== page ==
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Diverse group of stakeholders offer proposals for improving beneficial ownership transparency in the EU

At a high-level conference in Brussels, stakeholders agreed the EU has been a front-runner on corporate transparency but the need for ambitious changes is clear

On 30 November, more than 90 in-person and 400 virtual representatives from national authorities, EU institutions, civil society, private sector, academia and media met to take stock of progress and discuss findings from the two-year Civil Society Advancing Beneficial Ownership Transparency (CSABOT) project. Broad consensus emerged that ensuring availability of beneficial ownership information is critically important in the fight to stop the flow of dirty money, end tax abuse and prevent corruption.

Watch the recording: Curbing financial crimes in Europe with beneficial ownership transparency

Participants were united in the view that, despite last week’s EU Court of Justice (CJEU) ruling which invalidated public access to beneficial ownership registers, the EU should not lose its momentum towards greater transparency. Representatives of register authorities, the European Commission and Parliament confirmed their commitment to finding appropriate and meaningful solutions so that information on companies’ beneficial owners can remain accessible to as many stakeholders as possible – including civil society and competent authorities within the EU and internationally. This needs to be in full compliance with the CJEU ruling and in accordance with the fundamental rights enshrined in the Charter as interpreted by the EU courts.

Civil society actors play an important role in fighting money laundering and financial crimes – something the recent CJEU ruling also acknowledges. Participants provided powerful testimonials on how investigative journalists and activists have used beneficial ownership data to identify and expose corruption, money laundering and other financial crimes, and improve the quality of beneficial ownership information contained in the registers themselves.

As the new anti-money laundering package is being discussed in the European Parliament and Council, speakers and an engaged audience reflected on key reform areas to fully harness the potential of beneficial ownership transparency. These include:

  1. Adopt a harmonised, clear and ambitious definition of “beneficial ownership”.
  2. Enhance the accessibility and user-friendliness of beneficial ownership registers.
  3. Increase quality of beneficial ownership data.
  4. Strengthen interconnection of registers at the national level and across the EU.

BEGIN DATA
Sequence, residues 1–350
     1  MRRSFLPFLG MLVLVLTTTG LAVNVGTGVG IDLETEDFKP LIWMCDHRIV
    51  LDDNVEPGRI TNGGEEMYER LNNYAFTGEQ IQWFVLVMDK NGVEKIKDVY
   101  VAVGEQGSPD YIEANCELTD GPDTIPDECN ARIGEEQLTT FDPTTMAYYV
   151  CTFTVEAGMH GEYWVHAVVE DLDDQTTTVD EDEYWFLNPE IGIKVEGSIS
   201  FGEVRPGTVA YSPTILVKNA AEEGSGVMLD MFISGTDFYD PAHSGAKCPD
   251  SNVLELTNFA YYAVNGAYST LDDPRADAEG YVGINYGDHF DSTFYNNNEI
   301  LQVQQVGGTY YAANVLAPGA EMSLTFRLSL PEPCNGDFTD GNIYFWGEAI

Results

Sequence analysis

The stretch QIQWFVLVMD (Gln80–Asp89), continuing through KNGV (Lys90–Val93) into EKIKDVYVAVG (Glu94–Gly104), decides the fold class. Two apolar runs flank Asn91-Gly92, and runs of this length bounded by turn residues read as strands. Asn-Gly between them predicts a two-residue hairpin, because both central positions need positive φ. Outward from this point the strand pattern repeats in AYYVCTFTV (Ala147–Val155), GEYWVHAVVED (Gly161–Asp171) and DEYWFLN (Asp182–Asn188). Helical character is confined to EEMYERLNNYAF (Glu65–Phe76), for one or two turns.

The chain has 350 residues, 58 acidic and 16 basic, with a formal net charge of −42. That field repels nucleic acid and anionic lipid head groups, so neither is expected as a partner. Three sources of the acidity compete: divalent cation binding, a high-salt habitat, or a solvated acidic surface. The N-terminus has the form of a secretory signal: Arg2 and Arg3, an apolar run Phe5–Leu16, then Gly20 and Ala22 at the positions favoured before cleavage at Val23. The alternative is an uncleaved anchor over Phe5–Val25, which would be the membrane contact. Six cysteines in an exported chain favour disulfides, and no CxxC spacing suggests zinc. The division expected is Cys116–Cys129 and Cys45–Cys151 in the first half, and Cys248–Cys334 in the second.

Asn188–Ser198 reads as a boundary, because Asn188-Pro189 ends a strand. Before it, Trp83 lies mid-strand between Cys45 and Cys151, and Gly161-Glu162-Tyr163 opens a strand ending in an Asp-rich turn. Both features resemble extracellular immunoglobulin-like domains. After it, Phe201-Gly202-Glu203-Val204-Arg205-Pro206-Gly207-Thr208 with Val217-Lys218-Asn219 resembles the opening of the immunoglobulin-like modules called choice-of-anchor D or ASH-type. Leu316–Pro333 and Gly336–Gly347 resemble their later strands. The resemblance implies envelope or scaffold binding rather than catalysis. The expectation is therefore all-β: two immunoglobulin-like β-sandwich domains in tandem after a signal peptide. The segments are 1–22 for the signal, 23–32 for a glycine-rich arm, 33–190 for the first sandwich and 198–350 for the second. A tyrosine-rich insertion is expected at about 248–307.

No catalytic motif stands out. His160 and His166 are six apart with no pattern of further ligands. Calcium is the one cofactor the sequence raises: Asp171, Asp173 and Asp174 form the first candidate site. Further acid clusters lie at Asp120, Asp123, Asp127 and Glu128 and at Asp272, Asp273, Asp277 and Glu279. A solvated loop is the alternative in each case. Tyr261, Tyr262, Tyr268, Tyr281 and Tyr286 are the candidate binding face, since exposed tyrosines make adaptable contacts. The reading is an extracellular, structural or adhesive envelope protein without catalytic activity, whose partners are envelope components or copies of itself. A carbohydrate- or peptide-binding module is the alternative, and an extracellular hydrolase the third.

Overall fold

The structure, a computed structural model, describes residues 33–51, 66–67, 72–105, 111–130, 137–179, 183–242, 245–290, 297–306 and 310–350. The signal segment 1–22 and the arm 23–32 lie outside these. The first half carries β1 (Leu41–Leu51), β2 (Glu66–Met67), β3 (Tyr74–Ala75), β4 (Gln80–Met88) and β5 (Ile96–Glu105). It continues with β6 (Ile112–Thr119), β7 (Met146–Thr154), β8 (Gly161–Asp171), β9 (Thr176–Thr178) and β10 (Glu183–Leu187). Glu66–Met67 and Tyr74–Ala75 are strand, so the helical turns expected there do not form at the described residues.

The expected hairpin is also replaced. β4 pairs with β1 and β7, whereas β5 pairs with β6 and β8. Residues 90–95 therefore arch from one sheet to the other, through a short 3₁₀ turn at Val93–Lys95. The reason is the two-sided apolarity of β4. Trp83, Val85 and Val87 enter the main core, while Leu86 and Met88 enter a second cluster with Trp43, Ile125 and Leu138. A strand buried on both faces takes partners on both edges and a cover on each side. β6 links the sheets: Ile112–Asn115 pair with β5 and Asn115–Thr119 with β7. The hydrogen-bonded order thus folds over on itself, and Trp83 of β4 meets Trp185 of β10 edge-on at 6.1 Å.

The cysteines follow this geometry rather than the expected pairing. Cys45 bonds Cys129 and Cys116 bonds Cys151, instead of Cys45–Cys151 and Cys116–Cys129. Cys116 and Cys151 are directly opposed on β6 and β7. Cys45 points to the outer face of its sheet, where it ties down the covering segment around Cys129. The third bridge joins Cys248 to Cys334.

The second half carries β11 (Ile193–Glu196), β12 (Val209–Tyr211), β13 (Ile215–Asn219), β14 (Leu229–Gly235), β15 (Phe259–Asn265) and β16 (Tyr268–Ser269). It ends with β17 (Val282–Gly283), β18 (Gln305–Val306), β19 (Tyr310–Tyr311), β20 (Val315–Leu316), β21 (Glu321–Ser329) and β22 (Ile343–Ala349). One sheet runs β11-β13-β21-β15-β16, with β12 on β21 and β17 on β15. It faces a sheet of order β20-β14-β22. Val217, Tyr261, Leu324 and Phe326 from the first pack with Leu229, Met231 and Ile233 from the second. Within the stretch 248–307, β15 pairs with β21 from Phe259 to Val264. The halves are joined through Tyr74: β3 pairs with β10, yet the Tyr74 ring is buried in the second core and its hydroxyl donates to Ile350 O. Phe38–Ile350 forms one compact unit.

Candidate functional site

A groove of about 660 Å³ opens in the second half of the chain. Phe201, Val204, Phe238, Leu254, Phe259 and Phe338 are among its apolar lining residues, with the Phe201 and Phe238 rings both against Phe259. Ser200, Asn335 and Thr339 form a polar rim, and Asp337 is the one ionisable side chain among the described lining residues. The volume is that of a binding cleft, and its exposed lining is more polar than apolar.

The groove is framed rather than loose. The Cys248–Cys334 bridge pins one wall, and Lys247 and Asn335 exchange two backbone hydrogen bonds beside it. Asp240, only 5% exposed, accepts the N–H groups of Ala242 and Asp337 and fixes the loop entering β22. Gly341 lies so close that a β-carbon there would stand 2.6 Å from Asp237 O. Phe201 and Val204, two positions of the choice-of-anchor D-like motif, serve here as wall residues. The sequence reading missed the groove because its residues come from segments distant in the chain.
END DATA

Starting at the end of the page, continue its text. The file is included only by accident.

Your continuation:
5. Ensure civil society can access and use beneficial ownership information.

About the project

The conference marked the upcoming end of the Civil Society Advancing Beneficial Ownership Transparency (CSABOT) project, which carried out the European Commission’s Preparatory action – Capacity building programmatic development and communication in the context of the fight against money laundering and financial crimes that was launched following a request from the Greens/EFA in the European Parliament. The project has been implemented by the Transparency International Secretariat together with Tax Justice Network, Transcrime – Università Cattolica del Sacro Cuore and the Government Transparency Institute.

The project advances two main goals: ensuring that civil society actors become more active users of beneficial ownership information, and creating greater synergies between civil society and the EU in the fight against money laundering and financial crimes.

Through a series of local events, nearly a thousand stakeholders from civil society, the public and private sectors across 18 EU member states had extensive discussions on the state of progress and challenges related to beneficial ownership transparency. Nearly 200 journalists and activists in seven countries received training on the importance of beneficial ownership information and gained practical skills for effectively using this data.

The project also brought together 31 renowned experts from academia, civil society, media, public and private sectors as part of the Network of Experts on Beneficial Ownership Transparency (NEBOT) to exchange, debate and collaborate on ways for advancing this agenda in the EU.

The project demonstrated the value of dialogue between civil society actors, authorities and the private sector to establish alignment on key beneficial ownership topics and find solutions to pressing challenges, which should be maintained beyond the project.